On Monday we made our way to Portland for another keto clinic check up with Dr. Wray. Nora continues to thrive. She is in her 20th month of seizure freedom! Her growth rate is right on track even after 2 years of diet therapy, 60th percentile for height and 75th for weight (I think she’s ready for a growth spurt). Dr. Wray reviewed her history and genetic testing and feels that there is no reason to keep her on a carb-restricted diet in the long term. Very good news.
Her labs were all fine. For those of you keeping score at home, her cholesterol panel was good at 188, triglycerides at 54, LDL (bad) minimally elevated at 135 and HDL (good) normal to good at 42. Her blood bicarb level was at 21, which is normally low but not too low.
We still can’t get Cytra-K in crystal form as before, so we will continue with baking soda (6 g dissolved in water given over the course of the day). She has avoided stomach upset after we learned to give small amounts of baking soda solution between meals. It seems to be a problem on an empty or full stomach. We have the option of using Cytra K oral solution (great cherry flavor!), but the stats I got from the dietician suggest that it has 3 g of carbs in her daily dose. We don’t think that’s a good trade off, when she could be getting 3 g of carbs through fruits and veggies. We will stick to the baking soda for as long as Nora tolerates it.
The biggest news is that we are going to adjust her diet to prepare for weaning her in April after her 2 years seizure-free. For the last 6 months she has been getting about 11 g carbs, 25-26 g protein and about 130 g of fat per day, which is 1300-1350 calories at a 3.5:1 ratio (fat to carb+protein).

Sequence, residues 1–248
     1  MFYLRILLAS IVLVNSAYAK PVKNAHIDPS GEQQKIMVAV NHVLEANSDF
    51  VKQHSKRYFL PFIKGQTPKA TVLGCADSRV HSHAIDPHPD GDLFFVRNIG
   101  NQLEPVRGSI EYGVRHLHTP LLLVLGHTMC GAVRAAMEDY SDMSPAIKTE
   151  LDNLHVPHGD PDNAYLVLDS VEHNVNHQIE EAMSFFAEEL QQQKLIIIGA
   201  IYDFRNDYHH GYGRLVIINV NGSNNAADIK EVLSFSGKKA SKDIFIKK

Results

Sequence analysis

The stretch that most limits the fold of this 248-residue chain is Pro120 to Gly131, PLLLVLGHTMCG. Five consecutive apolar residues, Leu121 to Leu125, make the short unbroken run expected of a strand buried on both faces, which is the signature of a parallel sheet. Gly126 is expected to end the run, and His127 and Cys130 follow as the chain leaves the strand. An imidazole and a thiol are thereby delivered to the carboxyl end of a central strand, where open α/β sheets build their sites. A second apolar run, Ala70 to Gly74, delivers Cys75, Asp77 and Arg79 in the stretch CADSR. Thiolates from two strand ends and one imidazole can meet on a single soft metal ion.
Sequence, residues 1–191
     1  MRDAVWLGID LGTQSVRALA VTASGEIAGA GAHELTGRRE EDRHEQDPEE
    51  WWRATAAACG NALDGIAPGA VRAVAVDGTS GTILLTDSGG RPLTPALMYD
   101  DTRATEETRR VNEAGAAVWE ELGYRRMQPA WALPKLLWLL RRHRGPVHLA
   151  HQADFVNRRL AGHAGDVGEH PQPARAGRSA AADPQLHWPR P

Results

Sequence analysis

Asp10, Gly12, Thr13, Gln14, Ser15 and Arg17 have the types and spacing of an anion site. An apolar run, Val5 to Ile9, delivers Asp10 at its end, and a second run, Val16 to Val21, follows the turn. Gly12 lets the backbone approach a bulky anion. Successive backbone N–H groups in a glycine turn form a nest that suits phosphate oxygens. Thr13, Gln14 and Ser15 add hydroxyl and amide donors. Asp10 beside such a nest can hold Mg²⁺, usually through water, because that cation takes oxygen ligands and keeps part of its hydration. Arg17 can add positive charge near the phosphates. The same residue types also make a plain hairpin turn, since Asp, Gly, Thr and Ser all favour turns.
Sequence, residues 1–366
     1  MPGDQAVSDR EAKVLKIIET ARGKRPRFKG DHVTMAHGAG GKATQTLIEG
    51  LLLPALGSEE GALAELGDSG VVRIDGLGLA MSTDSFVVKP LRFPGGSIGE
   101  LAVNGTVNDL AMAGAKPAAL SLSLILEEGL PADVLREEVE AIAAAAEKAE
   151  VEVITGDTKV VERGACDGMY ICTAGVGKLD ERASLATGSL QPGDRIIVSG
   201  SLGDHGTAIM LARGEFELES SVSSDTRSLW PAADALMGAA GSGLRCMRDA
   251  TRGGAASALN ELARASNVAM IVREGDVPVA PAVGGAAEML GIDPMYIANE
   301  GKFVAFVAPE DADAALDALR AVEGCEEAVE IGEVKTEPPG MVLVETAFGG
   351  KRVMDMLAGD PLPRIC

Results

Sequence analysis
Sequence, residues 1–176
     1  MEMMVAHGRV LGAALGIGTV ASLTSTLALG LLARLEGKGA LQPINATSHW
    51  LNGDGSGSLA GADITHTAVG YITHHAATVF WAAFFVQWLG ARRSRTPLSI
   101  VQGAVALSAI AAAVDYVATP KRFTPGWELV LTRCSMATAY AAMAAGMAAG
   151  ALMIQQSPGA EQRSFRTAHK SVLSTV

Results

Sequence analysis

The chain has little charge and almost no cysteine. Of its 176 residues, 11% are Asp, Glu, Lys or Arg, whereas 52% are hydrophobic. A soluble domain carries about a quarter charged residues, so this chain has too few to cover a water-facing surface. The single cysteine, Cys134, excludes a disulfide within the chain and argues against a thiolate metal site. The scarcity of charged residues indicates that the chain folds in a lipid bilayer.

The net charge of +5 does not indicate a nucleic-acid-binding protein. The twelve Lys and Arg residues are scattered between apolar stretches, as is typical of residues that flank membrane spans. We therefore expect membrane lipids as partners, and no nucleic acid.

That’s a small amount of carbs even by keto diet standards for this number of calories. When we increased her calories last time, the dietician suggested going up to about 16-17 g carbs, which felt like a big jump from 10 g of carbs, so we only increased it to 11 g at that time. Now we are going to keep the calories and ratio the same, but bring her carbs up to 16-17 g per day. That gives us a new daily target of 16-17 g carb, 20-21g protein, 128-133 g fat.
We will increase it by a gram every few days, so that she is up to 16 or 17 by the holiday break. Today she is up to 13 and is fine so far! When we told her that we were going to let her have more fruits and veggies she was so excited! It’s tiny baby steps to coming off the diet, but slow changes give us peace of mind. Slow but significant for Nora. Although she won’t do it all at once, going from 11 g to 16 g of carbs will feel pretty good!
I often get the question about “what does 1 g of carbs look like?” Of course, it depends on the food. It’s hard for me to answer on the fly because now I think in grams, not number of blueberries or baby carrots. Today I calculated one gram of carb for several of Nora’s regular foods. Some of them have significant fat and protein as well (so they are bigger servings), for those I listed their ratio too:
1 g of carbs in:
8 g blueberry
17 g macadamia nuts (5.43:1 ratio)
8 g apple
14 g carrot
11 g almonds (1.63:1 ratio)
46 g avocado (3.62:1 ratio)
15 g kalamata olives (4.5:1 ratio)
16 g strawberry (not pictured)
18 g raspberry (not pictured)
With 5 extra grams of carbs per day, Nora can have about 6 more baby carrots per day, or 40-50 small blueberries! That’s a lot!
Dr. Wray continues to be delighted by Nora, and to delight us. Anders joined us for the appointment because of a no-school snow day. Dr. Wray made a note of Anders presence in his follow-up report we received in the mail, and that is name is “pronounced with a soft A, which is the Norwegian articulation of his name.” See doc, we read these things with care. Anders thanks you.